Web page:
• Involve students in a coordinated assessment and planning process so that students can gain knowledge of their strengths, needs, and related accommodations, such as assistive technology (AT) supports.

  • Facilitate student-centered IEP meetings and self-directed learning models.

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Implications1

Implications

  • Infuse SD and CD into the curricula and offer work-based learning experiences for all students.

  • Integrate training on SD and CD into teacher pre-service and in-service trainings, as well as trainings for disability service providers, parents, and other members of the community.

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Implications2

Implications

  • Extend transition services beyond high school graduation.

  • Develop collaborative relationships among school and agency personnel that use follow-up data from a coordinated management information system to improve services and outcomes.

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Margo izzo ph d ohio state university

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Self determination and advocacy self advocacy for youth with disabilities

Self-Determination and AdvocacySelf-Advocacy for Youth with Disabilities

Megan A. Jones, Ph.D.

University of Hawaii at Manoa


Definition of self advocacy

Definition of Self-Advocacy

Ability to

  • Assertively state wants, needs and rights

  • Determine and pursue needed supports

  • Conduct ones own affaires

    (Martin and Huber-Marshall, 1995)

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Finding

Finding

Individuals with disabilities in postsecondary school and employment are required to be self-advocates for their assistance needs.

Youth with disabilities are often not given the opportunity within secondary school to learn and practice self-advocacy skills.

Jones


Finding1

Finding

Students with disabilities will seek accommodations but are often reluctant to fully utilize them.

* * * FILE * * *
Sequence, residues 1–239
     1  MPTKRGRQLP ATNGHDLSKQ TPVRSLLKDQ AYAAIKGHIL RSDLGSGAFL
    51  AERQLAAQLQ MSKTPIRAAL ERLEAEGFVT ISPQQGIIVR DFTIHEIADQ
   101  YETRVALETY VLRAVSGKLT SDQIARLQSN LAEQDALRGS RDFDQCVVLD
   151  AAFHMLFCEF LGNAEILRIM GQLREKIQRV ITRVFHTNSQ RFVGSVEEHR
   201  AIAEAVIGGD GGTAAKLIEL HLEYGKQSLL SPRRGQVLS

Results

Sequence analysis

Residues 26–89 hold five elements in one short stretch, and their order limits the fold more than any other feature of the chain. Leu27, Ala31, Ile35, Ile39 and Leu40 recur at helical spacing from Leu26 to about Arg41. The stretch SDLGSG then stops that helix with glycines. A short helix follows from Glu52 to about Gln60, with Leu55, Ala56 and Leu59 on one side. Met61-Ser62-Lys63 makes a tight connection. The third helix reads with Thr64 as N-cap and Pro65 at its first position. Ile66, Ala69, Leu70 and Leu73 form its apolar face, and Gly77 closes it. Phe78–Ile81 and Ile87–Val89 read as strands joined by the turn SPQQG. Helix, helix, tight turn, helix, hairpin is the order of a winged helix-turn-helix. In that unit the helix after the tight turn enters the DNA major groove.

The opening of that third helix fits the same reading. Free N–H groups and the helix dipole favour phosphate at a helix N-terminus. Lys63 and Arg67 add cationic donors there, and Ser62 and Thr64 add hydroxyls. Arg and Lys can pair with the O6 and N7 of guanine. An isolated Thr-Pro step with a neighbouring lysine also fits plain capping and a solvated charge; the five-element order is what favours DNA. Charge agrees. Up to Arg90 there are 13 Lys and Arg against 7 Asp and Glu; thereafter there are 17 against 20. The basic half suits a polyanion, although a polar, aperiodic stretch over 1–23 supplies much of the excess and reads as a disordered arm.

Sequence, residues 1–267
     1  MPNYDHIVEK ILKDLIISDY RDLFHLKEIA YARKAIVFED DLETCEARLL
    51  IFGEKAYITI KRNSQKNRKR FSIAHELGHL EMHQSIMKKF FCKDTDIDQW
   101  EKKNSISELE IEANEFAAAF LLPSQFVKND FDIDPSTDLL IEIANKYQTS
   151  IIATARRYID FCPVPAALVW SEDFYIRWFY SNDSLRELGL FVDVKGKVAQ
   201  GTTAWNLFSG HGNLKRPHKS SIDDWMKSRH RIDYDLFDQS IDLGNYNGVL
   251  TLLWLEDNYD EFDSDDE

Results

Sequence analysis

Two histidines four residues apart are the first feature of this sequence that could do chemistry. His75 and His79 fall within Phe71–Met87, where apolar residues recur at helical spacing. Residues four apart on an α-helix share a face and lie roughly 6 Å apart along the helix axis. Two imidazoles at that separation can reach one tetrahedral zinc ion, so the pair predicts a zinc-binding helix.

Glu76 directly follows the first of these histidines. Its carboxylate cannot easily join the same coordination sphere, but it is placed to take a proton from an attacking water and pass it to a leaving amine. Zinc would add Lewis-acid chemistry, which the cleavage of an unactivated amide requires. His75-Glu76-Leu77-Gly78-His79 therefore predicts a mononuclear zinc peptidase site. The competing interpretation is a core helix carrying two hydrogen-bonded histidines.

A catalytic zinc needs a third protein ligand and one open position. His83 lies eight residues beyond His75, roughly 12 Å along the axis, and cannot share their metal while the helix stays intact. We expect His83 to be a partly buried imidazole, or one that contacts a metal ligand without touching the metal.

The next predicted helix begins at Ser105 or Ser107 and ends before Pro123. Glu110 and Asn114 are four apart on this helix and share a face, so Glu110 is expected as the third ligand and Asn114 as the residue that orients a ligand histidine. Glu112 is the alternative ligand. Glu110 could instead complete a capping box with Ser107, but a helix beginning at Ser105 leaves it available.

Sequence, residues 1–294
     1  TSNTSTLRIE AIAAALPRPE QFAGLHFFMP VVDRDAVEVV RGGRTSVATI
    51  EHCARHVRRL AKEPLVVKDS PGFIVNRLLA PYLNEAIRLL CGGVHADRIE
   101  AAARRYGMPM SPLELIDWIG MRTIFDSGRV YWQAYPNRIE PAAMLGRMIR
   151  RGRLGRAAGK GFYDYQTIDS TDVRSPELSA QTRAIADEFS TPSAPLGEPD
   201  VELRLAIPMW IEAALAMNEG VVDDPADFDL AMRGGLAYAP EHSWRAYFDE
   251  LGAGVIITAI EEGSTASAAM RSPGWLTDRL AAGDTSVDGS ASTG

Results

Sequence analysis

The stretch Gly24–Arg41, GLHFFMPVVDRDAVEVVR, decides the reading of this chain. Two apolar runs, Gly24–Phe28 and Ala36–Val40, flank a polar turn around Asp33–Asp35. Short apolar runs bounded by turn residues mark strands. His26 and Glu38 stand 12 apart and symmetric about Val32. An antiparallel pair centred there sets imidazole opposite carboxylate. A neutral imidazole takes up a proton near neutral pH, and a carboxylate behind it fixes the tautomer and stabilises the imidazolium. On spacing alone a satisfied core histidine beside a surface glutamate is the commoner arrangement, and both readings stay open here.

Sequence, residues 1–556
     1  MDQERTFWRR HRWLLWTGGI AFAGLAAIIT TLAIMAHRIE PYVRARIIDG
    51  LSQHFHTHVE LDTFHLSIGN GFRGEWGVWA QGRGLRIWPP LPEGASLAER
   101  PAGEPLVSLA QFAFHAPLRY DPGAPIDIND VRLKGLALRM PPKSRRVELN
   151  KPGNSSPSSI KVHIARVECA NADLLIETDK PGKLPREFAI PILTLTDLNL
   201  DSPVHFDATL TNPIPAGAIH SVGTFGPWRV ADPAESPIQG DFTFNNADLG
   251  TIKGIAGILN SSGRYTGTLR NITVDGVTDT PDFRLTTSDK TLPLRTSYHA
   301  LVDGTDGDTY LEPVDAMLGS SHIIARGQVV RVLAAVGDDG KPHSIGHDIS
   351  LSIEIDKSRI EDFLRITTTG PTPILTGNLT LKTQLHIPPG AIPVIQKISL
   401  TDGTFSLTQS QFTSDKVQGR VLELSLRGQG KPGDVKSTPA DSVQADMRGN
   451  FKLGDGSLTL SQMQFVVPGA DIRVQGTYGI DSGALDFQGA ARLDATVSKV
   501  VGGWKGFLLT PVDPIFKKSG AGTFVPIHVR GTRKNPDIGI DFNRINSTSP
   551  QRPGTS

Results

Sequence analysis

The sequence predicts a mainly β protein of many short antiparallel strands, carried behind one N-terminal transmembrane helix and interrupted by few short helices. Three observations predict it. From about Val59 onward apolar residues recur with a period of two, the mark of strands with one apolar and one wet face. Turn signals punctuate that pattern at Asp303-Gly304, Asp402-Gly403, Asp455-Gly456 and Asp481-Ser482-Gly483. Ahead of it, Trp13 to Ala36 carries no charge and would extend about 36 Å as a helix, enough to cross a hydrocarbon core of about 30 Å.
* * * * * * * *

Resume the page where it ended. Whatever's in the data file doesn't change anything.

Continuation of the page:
Students are concerned that they are singled out from other students, faculty do not believe they are qualified for college, and they do not know how to advocate for their needs.

Jones


Implication

Implication

Youth with disabilities in secondary school should be required to actively participate in the IEP planning process with a focus on

  • Articulating the nature of their disability

  • Understanding how their disability relates to their assistance needs

  • Learning and practicing skills needed in the post-school environment

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Finding2

Finding

Students with disabilities in postsecondary education say that “other people’s attitudes” are one of the most significant barriers that they face.

Jones


Implication1

Implication

Efforts to increase the self-determination skills of youth with disabilities must be coupled with educating others about valuing and respecting individuals with disabilities.

Jones


Margo izzo ph d ohio state university

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Margo izzo ph d ohio state university

Self-Determination and AdvocacySelf-Determination andYouth with Disabilities of Culturally and Linguistically Diverse (CLD) Heritage

David Leake, Ph.D.

University of Hawaii at Manoa


Self determination

Autonomy

Empowerment

Independence

Internal locus of control

Intrinsic motivation

Self-competence

Self-direction

Self-efficacy

Self-expression

Self-regulation

Self-realization

Self-reliance

Self-Determination:

Commonly associated with “individualistic”values or personal characteristics, such as:

Leake


Human development ideals

Human Development Ideals

CHILDHOOD ADULTHOOD

ImmatureMature

IrresponsibleResponsible

Independent?

Dependent

Interdependent?

Leake


Poverty

Poverty

Both capacity and opportunity for self-determination are less likely to be present in conditions of poverty...and CLD groups tend to experience higher poverty rates.

Leake


Group identity

Group Identity

What is really missing for many youth with disabilities is not so much a sense of individual achievement as a sense of being a valued member of a group.

Leake


Individualization

Individualization

In the end, self-determination for CLD youth with disabilities requires adherence to another universal (and closely linked) value in the social services: individualization.

Leake


Margo izzo ph d ohio state university